World Bank President Robert Zoellick has warned that food prices had reached “dangerous levels” and could hamper political transitions taking place in Egypt, Tunisia, the wider Middle East and Central Asia.
“The area that obviously bears watching is where you have a combination of political upheaval and food price stress,” Zoellick said in a conference call with reporters in Washington Tuesday.
The World Bank said that global food prices on average were 29 percent higher in January than a year earlier and just 3 percent below a peak reached in 2008, when the rising cost of food sparked deadly riots in many parts of the developing world.
The rising costs had pushed 44 million people back into extreme poverty, and Zoellick urged leaders of the Group of 20 (G20) bloc of leading global economies to make the food crisis their top priority. G20 finance ministers are meeting Friday and Saturday in France.
“Global food prices are now at dangerous levels. It is already clear recent price rises for food are causing pain and suffering to poor people around the globe,” Zoellick said.
While rising food costs had not been the chief cause of Egypt’s uprising, Zoellick said the spike in prices had been an “aggravating factor” in the three-week protests that eventually toppled Egyptian leader Hosni Mubarak.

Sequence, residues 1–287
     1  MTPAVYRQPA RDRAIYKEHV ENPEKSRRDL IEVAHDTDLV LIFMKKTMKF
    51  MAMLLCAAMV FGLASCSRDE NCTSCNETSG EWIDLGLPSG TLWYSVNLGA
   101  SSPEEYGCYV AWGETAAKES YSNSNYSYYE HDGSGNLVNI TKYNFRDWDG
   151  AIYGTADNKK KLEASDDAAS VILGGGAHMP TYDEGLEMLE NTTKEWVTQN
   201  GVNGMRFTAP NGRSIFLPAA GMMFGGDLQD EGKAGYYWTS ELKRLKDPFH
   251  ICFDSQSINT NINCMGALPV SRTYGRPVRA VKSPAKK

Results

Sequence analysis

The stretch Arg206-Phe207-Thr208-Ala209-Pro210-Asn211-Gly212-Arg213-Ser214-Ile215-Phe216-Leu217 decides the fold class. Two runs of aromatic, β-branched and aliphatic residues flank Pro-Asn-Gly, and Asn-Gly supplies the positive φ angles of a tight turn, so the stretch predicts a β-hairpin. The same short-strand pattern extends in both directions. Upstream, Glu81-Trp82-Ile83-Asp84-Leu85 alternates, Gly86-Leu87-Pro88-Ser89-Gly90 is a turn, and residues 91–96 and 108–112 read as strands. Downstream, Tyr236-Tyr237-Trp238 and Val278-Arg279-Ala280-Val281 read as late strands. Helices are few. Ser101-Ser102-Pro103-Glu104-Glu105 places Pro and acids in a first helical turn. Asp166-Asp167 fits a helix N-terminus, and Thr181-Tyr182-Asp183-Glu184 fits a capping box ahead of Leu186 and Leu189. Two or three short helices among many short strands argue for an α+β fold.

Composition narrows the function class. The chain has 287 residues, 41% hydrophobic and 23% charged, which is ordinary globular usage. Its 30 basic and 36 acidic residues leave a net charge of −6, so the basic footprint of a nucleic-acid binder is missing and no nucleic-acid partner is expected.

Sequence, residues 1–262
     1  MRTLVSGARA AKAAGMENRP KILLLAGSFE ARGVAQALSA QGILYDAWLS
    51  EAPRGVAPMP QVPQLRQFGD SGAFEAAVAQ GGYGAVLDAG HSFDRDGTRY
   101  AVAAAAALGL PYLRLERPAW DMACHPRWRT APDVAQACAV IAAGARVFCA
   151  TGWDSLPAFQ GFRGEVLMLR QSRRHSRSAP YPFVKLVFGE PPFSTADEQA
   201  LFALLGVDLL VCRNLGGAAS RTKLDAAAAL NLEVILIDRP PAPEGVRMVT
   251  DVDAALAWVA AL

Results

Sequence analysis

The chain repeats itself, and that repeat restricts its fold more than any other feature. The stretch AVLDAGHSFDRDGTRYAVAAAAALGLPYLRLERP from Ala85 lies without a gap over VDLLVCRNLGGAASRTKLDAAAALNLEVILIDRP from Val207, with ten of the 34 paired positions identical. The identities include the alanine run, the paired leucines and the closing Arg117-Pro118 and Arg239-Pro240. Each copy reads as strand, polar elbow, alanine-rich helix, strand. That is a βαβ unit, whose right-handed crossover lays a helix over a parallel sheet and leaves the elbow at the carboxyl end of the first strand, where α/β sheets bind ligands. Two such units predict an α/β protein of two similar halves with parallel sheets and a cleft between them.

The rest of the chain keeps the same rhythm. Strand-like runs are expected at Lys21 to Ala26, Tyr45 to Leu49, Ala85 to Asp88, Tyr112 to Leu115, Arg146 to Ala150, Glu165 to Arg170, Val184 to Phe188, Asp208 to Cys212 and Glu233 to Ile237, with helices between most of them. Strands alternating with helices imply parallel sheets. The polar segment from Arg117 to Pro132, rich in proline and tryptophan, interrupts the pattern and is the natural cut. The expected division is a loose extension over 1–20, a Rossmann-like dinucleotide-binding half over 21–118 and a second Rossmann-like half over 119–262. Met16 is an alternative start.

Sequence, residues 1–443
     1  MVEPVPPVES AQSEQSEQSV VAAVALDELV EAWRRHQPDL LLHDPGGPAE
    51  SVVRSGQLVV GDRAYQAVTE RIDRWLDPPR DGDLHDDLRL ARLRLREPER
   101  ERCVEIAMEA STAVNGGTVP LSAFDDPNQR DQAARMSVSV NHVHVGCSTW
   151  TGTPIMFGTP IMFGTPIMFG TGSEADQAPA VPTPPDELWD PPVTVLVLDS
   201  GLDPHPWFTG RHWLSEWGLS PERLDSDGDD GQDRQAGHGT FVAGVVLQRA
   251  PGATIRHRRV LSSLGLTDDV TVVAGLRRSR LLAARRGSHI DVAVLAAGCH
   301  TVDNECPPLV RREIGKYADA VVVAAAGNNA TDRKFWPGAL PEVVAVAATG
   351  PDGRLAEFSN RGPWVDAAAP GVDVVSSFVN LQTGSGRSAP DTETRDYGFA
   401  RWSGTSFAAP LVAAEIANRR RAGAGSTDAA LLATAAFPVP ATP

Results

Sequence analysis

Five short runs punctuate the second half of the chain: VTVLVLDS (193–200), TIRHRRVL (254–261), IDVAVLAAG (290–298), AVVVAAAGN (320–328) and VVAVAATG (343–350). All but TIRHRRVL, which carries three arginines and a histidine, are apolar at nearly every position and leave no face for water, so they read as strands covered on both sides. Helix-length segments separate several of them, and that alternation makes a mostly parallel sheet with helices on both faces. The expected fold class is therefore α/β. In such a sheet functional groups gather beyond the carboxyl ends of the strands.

Zoellick said he was more worried about the impact of prices going forward, as Egypt’s military takes power and guides the most populous Arab country toward democratic elections in September. The same applied to Tunisia, where the wave of protests began with the ouster of long-time leader Zine el-Abidine Ben Ali in January.
“I’m concerned that higher food prices could add to stress points and could add to the fragility that is already there,” Zoellick said.
A US Treasury official in Washington acknowledged that surging food prices and the ensuing dangers of inflation were likely to be a top issue for developing countries at the G20 talks this weekend.
Outside of the Middle East, Zoellick said rising food prices could impact stability in Central Asia.
“Given the poverty levels (in Central Asia) … there’s a real stress point that could have social and political implications,” Zoellick said.
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